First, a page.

Chef Q&A for BBC Good Food ME online for Japan week

Name: Numeriano Ligaya

Job title: Specialty Outlet Chef

Restaurant: Benihana

Please give as much detail as possible in the answers, avoiding one or two word answers.

1.What food are you craving right now?

Grilled salmon with rice and a side of vegetables – any dish with salmon is my favourite

2. If you could only have four ingredients in your cupboard what would they be?

    ·Soya sauce – it’s a very versatile ingredient I’ve been using all my career

    ·Sake – it’s not just a great drink, it’s also a great ingredient to cook with especially in sauces like teriyaki

    ·Ginger – it’s a very healthy and refreshing ingredient; I like to boil water with ginger and drink

    ·Garlic – good for reducing high blood pressure and it’s such a simple ingredient but adds a very tasty flavour and aroma to dishes

3. What’s the most useful culinary technique or skill and why?

In my job, Teppan skills and wok skills are very critical. Teppan skills are important because that’s the basis of Benihana and every now and then, I have to relieve some of the members of my team and perform the Teppan show myself. Wok skills are great because it’s the fastest way to cooking, i.e. stir frying.

4. What’s your most memorable dining experience and why?

It was the first time I had dinner with my wife and daughter when we moved to Egypt. I had been there for almost a year before they moved over. My daughter was just a year old. We had buffet dinner in Reef Oasis Resort in Sharm El Shiekh. It’s very memorable for me because it was great to have my family join me after living alone for quite some time. I still remember exactly what we ate because of how special that occasion was.

5. What is the thing that most home chefs get wrong when cooking Japanese cuisine?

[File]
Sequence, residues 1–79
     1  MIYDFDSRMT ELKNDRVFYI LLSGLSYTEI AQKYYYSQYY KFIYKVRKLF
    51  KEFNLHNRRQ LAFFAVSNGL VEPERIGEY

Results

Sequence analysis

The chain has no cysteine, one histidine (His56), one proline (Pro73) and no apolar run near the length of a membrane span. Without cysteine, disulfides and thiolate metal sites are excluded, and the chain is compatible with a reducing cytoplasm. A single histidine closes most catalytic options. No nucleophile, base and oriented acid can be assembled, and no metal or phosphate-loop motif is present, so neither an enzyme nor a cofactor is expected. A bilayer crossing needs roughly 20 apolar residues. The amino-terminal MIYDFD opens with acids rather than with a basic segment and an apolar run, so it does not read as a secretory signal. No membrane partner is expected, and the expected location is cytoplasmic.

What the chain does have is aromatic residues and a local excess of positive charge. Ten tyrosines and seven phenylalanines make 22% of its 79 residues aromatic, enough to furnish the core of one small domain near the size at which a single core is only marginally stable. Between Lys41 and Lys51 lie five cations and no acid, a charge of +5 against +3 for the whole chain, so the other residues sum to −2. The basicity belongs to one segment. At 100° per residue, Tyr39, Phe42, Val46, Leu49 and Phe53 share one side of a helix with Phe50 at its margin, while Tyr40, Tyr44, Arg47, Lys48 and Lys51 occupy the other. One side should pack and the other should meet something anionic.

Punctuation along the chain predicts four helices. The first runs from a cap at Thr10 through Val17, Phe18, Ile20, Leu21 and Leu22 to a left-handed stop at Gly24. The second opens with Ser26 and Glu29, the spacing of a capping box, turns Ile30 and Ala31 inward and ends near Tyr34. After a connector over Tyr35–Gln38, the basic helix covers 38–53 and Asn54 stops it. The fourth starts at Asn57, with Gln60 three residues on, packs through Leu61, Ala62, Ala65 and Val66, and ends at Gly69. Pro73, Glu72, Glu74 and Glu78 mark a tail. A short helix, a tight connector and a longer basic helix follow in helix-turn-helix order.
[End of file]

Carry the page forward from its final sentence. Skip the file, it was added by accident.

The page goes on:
It’s very easy to get the “done-ness” wrong. For example, when searing tuna and steak on the Teppan grill.

6. What’s one kitchen implement you could not live without and why?

Chopping board and knife – they’re like an old married couple. They go hand in hand. They’re the first implements we use in the cooking process.

7. What’s your guilty food pleasure and why?

Chocolate – I could eat a lot of it but I know that I must not because of my health.

8. What’s the biggest misconception people have about being a professional chef?

There are times when people still think being a chef is not an important job. They don’t realise how much work goes into creating dining experiences for guests. It’s something like “he’s just a chef” type of belief. This is a misconception I had myself before I entered the profession.

9. If you could give your younger self some advice, what would it be?

I would not have stayed in the catering line for as long as I did. Once I entered the hotel industry, I saw so many opportunities to grow and I wished I have moved out of catering sooner. With each rank I’ve grown up to, I have learnt a lot each time. It’s not healthy to remain in a comfort zone without any personal and professional growth.

10. What do you like most about your job?

I get a lot of chance to be ‘hands on’ at work and I like that the most. I truly enjoy cooking so I don’t have an approach where I stand back and just give out orders. I actually like to demonstrate and coach my time using a ‘hands on’ approach.

11. How did you start out in the food industry?

In my first year in college in 1984, I started working part-time in a Chinese restaurant just to earn some pocket money and support my studies. My interest grew from there.

12. Do you cook on your days off? If so what do you cook?

Yes I do – I cook some special Filipino dishes that my wife has a craving for, or when we get home sick.

13. What’s your favourite thing to cook and why?

Grilled or pan-fried salmon with a seasoning of salt, pepper, soya sauce and garlic because it’s my favourite dish. It’s easy to cook yet so flavourful.

14. What is your favourite Japanese food to cook, and what advice would you give to home chefs trying to attempt it?

Sushi. It’s important to have the right texture and temperature of the sushi rice. It is the foundation of the dish and if not done right, can totally alter the outcome.